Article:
Systematic theology professor carries on the quarter’s Philippians theme
Chapelgoers had the opportunity to hear from Oliver D. Crisp
, the new professor of systematic theology who joined Fuller’s faculty last fall, at All-Seminary Chapel on Wednesday, February 1, in Travis Auditorium. The service also served as part of Mission Week 2012, an annual event sponsored by the All Seminary Council and focusing on “enlarging our understanding about the mission of God.”
Keeping with the Winter Quarter theme of “Rejoicing with Philippians,” Crisp gave a brief reflection on Philippians 2:1-11. Joking about how he wished he could preach on Matthew 28 and the Great Commission for Mission Week, he said that the selected passage was also appropriate for, he observed, it describes “a Christ-formed community that must be the fundamental basis from which to launch out to mission.”
Crisp pointed out that one of two things is often said about the passage: that it is a fragment of a “Christ hymn” about the son becoming human by emptying himself of his divinity, or that it is all about imitating the model of Christ’s servanthood. But these are not mutually exclusive, stated Crisp, for both are true.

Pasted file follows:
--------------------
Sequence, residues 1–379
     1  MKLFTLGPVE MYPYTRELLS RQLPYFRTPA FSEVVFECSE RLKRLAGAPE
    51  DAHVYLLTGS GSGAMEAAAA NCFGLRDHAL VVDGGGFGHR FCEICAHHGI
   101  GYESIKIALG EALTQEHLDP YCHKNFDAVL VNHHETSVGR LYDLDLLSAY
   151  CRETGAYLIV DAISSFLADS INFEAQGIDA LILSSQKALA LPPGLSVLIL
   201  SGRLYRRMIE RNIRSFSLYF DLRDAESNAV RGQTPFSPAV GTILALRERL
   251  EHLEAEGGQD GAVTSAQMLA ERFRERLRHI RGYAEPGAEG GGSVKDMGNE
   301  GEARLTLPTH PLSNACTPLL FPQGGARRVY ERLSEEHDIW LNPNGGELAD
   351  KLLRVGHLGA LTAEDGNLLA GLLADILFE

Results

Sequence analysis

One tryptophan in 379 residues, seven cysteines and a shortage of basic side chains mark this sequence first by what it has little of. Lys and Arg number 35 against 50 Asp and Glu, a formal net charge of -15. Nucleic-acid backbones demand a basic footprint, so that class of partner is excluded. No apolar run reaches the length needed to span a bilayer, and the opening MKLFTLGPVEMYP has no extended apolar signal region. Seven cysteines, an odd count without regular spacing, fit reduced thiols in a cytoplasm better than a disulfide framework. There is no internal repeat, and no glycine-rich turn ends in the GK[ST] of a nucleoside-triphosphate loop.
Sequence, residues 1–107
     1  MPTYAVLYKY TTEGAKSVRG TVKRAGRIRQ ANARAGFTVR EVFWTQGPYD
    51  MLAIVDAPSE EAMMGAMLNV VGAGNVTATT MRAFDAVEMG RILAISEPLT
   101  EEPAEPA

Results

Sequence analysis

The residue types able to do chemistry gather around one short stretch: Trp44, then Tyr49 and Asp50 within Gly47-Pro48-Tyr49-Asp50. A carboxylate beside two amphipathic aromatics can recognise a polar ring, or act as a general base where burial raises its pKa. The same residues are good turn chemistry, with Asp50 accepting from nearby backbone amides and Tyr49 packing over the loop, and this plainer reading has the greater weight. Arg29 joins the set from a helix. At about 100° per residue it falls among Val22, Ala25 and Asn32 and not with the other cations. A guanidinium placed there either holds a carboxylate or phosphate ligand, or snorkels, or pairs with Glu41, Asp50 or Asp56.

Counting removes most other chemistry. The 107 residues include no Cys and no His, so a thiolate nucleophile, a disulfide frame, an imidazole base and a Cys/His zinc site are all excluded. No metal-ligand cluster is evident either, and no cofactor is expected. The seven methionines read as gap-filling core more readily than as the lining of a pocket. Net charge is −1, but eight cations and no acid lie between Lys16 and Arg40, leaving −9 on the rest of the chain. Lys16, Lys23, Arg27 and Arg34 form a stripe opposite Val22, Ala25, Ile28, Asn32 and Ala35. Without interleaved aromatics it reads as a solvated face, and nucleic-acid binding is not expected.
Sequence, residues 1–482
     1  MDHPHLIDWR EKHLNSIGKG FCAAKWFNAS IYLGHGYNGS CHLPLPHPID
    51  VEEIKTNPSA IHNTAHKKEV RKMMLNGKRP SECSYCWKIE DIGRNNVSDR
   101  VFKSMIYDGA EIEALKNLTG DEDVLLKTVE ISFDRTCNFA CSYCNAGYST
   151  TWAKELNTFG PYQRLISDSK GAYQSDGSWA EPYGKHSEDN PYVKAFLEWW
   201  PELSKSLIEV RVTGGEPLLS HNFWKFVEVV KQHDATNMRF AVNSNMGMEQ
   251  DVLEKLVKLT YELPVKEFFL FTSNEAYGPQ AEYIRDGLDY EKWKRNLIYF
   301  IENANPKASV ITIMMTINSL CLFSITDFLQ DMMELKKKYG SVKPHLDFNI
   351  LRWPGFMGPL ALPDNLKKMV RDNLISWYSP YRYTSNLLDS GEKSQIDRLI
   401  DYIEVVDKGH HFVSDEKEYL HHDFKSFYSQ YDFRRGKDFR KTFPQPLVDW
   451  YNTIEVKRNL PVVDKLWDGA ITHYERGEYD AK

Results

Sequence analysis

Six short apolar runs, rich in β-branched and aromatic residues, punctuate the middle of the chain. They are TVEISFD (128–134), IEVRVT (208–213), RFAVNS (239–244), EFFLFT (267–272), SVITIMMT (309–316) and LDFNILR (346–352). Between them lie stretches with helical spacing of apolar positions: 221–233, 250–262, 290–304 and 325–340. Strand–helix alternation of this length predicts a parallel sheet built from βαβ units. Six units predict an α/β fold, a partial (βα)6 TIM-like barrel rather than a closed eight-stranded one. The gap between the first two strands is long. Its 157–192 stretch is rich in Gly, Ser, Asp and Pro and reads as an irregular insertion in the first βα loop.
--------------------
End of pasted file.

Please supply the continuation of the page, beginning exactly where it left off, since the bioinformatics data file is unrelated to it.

“However,” he said, “focusing too much on these two aspects fails to take with sufficient seriousness the larger whole.” Using the classic fairy tale of Cinderella as an example, Crisp explained that if one focused on the fact that her glass slipper fit, albeit a turning point in the tale, one would miss what the story is about—the transformed life of a servant girl. Similarly, he said, Philippians 2:1-11 is not only about Christ, or about the individual striving to imitate him.
Crisp finds the key to the passage’s meaning in Paul’s words preceding the chapter, which are about suffering together for Christ. “It is about community,” stated Crisp, “and about loving one another through times of great trial, and becoming like Christ through suffering.” Before the Christ hymn, Paul speaks of the consolation found in Christ, and exhorts the Philippians to have the mind of Christ. “What is this consolation, this mind of Christ?” asked Crisp. “It is the self-emptying service of one another.”
However, Crisp shared that while we are to have the mind of Christ, it is “not a matter of slavish imitation.” There is a massive difference between a musician who plays all the right notes with “the deadening sound of an automaton,” he explained, and the performer who soulfully plays the same right notes so that the music “sears the hearts of the listeners.” Paul is encouraging not mere imitation but transformation, said Crisp, “so that the music of the glory of Christ courses through our very being—so we cannot help but fall down and worship.”